The dangerous stuff is already out there, but with knowledge on their side, young people will hopefully make the right choices and fight companies making the wrong ones. If you need more convincing, here are the serious facts.

Over the last decade, 127 e-cigarette-related seizures were reported, which prompted the FDA to launch an official investigation in April 2019. Since then, over 215 cases of a new, severe lung illness have sprung up all over the country, with six deaths to date. While scientists aren't yet sure of the root cause, the majority of victims were young adults who regularly vaped and used e-cigarettes. As such, the CDC has launched an official investigation into the potential link.

Sixteen-year-old Luka Kinard, a former frequent e-cigarette-user, is one of the many teens who experienced severe side effects. "Vaping was my biggest addiction," he told NowThis. "It lasted for about 15 months of my high school career." In 2018, Kinard was hospitalized after having a seizure. He also had severe nausea, chest pains, and difficulty breathing.

After the harrowing experience, he quit vaping, and began speaking out about his experience to help inform others and hopefully inspire them to quit and/or take action. "It shouldn't take having a seizure as a result of nicotine addiction like I had for teens to realize that these companies are taking advantage of what we don't know," Kinard said.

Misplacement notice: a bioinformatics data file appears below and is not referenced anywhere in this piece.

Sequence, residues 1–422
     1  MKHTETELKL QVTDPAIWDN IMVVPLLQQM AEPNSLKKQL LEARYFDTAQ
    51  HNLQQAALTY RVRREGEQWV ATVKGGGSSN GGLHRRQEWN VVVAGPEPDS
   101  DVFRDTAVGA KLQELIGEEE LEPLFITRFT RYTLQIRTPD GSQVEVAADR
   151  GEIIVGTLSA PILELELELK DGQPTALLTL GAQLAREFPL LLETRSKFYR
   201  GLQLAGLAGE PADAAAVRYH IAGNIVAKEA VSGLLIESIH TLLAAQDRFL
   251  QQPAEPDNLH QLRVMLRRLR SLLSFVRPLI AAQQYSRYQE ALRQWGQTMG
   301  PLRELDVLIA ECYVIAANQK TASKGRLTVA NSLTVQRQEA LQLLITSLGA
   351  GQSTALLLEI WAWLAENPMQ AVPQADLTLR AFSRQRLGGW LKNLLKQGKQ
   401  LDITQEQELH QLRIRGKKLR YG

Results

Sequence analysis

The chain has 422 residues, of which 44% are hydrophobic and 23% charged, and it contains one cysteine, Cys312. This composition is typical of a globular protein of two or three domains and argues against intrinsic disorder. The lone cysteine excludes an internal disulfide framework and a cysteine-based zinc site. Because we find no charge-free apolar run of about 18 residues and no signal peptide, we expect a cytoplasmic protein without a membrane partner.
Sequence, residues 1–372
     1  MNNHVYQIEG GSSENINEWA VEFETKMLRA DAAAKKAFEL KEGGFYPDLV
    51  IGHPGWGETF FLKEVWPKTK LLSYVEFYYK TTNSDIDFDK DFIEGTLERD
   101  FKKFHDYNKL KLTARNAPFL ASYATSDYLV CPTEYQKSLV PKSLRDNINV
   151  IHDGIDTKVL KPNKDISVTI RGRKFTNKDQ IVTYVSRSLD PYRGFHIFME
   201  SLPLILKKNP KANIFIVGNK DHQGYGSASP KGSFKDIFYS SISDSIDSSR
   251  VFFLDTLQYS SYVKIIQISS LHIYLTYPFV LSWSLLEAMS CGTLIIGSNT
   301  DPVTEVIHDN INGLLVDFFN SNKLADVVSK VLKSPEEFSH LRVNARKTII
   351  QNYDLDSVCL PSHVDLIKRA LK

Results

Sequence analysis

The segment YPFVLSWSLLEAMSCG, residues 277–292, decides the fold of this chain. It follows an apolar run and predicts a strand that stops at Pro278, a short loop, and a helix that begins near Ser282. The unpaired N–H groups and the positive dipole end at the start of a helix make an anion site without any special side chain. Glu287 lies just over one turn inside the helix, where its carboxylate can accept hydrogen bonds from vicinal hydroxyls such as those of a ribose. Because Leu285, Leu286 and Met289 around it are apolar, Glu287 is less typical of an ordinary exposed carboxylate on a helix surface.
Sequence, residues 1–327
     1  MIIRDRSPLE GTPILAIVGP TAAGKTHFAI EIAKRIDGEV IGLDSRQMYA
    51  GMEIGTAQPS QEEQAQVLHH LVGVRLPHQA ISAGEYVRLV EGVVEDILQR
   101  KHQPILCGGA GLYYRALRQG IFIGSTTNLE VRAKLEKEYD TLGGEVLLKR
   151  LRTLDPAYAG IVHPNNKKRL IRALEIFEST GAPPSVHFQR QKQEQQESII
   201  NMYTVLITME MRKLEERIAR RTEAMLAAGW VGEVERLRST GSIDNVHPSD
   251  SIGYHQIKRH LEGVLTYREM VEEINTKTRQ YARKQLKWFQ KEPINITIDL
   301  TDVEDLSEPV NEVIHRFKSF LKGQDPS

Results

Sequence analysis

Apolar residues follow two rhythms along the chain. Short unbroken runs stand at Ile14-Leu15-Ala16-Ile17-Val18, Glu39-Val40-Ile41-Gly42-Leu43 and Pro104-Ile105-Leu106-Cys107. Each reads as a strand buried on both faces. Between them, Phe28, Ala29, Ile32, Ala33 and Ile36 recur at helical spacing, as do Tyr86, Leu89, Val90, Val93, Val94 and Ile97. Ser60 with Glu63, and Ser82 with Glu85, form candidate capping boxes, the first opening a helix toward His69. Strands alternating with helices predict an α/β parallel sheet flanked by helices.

Teens are 16 times more likely to use e-cigarettes than adults, and four times more likely to take up traditional smoking as a result, according to truth, and yet the e-cigarette market remains virtually unregulated and untested. In fact, companies like JUUL continue to block and prevent FDA regulations, investing more than $1 million in lawyers and lobbying efforts in the last quarter alone.

Photo by Lindsay Fox/Pixabay

Consumers have a right to know what they're putting in their bodies. If everyone (and their pets) speaks up, the e-cigarette industry will have to make a change. Young people are already taking action across the country. They're hosting rallies nationwide and on October 9 as part of a National Day of Action, young people are urging their friends and classmates to "Ditch JUUL." Will you join them?

For help with quitting e-cigarettes, visit thetruth.com/quit or text DITCHJUUL to 88709 for free, anonymous resources.

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Have you ever watched a movie that's so abysmally bad that you wonder how it ever even got made? Where you think, "Hundreds and hundreds of people had to have been directly involved in the production of this film. Did any of them ever think to say, 'Hey, maybe we should just scrap this idea altogether?"